I met Kaitlin Graiff and Erik Larson on board when I arrived.  She is the (Acting) Research Coordinator for the Cordell Bank National Marine Sanctuary and he is the Captain of the R/V Fulmar.  They were both so welcoming and gave us all the grand tour.  It only consisted of about fifty steps, but who’s counting.  We saw the wheelhouse (where you drive the boat), the bunk rooms (where you sleep on the boat), the galley (where you eat on the boat), the head (where you handle business on the boat), the fly bridge (where you observe animals), and the rear deck (where you use equipment to study the ocean).  I know that’s lots to remember, but it’s smaller than it sounds with cozy little places to have a snack or a cat nap.  Before I said my goodbyes Mom made me take a picture with all of my gear.  Thanks Mom!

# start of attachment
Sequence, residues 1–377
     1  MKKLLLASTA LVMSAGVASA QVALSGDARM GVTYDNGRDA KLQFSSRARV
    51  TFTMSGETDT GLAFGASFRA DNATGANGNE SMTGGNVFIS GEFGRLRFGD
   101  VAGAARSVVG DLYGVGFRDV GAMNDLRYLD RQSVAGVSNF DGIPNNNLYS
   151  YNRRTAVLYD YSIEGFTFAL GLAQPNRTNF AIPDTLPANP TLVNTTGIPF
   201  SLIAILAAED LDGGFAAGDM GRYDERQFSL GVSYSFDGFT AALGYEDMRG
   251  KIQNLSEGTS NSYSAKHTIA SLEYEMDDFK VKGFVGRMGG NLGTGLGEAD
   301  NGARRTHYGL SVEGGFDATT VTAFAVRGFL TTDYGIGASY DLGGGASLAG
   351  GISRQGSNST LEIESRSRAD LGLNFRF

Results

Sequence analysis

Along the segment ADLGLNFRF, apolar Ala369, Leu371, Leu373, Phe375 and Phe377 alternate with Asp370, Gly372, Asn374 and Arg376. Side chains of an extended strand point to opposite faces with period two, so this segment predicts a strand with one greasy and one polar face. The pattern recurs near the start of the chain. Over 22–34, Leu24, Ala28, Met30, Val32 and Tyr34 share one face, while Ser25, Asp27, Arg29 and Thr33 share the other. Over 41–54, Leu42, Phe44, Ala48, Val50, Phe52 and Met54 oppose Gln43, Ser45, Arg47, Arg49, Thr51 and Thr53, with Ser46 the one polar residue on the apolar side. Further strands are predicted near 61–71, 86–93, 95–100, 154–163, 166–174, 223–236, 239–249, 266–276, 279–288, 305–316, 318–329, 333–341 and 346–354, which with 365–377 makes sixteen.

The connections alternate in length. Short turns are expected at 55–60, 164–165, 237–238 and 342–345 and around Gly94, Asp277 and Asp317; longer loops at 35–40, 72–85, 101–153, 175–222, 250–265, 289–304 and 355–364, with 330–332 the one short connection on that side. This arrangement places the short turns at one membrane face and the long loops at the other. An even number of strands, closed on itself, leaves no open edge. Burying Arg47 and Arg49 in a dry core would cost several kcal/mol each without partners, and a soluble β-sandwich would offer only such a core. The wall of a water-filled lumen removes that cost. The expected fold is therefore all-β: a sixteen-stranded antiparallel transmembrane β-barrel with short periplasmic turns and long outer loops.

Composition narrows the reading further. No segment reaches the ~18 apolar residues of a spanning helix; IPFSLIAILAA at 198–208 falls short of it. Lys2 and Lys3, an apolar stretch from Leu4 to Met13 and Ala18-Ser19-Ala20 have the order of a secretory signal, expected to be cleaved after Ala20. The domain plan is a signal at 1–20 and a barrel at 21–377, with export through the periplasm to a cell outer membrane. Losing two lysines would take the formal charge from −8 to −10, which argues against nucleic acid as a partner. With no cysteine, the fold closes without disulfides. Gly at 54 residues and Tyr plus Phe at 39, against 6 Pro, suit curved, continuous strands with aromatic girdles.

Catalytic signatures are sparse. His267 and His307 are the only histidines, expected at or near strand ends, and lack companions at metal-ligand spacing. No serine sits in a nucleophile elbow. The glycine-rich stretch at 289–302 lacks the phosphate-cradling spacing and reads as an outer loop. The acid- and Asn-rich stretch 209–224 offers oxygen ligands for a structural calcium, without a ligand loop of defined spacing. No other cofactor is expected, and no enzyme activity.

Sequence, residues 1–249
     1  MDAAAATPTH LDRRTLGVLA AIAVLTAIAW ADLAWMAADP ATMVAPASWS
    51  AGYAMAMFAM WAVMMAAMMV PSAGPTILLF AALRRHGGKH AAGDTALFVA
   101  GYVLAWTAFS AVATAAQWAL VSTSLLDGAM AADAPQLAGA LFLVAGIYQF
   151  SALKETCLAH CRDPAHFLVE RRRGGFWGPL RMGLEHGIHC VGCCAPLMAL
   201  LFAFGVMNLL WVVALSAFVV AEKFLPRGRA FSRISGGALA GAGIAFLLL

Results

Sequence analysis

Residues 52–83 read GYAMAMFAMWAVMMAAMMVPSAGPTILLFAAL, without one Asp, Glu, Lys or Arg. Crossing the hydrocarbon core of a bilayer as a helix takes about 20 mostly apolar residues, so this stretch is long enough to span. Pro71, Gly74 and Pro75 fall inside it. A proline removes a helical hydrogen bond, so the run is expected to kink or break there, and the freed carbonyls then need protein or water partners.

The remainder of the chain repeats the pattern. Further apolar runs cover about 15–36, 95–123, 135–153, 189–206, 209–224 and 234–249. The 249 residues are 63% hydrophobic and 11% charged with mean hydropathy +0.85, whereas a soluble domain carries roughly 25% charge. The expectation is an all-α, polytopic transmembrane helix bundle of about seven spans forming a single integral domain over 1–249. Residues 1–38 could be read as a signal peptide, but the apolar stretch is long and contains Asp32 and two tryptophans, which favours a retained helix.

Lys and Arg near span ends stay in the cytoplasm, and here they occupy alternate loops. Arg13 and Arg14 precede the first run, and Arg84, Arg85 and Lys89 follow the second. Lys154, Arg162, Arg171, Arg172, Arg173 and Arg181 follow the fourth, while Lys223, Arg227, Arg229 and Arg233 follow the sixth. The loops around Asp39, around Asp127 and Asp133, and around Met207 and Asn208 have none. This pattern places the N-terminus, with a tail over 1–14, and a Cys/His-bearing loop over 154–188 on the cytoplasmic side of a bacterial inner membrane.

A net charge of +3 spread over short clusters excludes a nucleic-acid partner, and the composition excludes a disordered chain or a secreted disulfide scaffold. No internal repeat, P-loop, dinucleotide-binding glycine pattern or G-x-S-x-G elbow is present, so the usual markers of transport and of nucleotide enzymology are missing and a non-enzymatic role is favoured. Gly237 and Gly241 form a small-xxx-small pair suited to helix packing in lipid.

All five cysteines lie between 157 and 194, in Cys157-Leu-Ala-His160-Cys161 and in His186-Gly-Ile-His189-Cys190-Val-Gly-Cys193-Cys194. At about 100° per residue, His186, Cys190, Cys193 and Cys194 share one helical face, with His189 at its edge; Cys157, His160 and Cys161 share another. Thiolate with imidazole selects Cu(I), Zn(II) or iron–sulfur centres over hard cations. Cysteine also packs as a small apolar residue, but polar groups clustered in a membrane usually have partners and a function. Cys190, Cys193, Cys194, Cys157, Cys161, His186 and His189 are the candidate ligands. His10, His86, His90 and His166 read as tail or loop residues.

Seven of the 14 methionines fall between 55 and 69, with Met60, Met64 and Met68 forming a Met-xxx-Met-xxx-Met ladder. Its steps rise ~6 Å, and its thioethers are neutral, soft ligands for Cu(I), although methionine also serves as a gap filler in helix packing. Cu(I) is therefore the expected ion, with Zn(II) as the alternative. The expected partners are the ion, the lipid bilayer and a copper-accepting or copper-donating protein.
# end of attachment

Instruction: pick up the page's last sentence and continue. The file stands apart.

Then it was time to unpack.  I chose the top bunk on the starboard side of the boat.  Now the important thing to remember is to duck when you get the top bunk.  There is almost no head room so duck early and often.  I’ve hit my head three times already.

Scientists Arrive

While Kaitlin, Erik, and I were getting to know each other, two more scientists arrived throughout the evening before dinner.  They were bringing the two most important parts of our cruise: the food and the equipment.  Jaime Jahncke, California Current Director for PRBO Conservation Science arrived first.  His name and title sound very official, but he is the most charismatic person you’ll meet.  He loves to joke around and have a good time while working to preserve and manage wildlife.  Last to arrive Monday night was Jan Roletto, Research Coordinator at Gulf of the Farallones National Marine Sanctuary.  Jan is the lead scientist on the cruise, mother hen to everyone.  She brought the most important thing for the trip: FOOD.  We have chips, nuts, crackers, chocolate covered everything, every soda drink imaginable, and more!  Did I mention that this trip is all about the food :).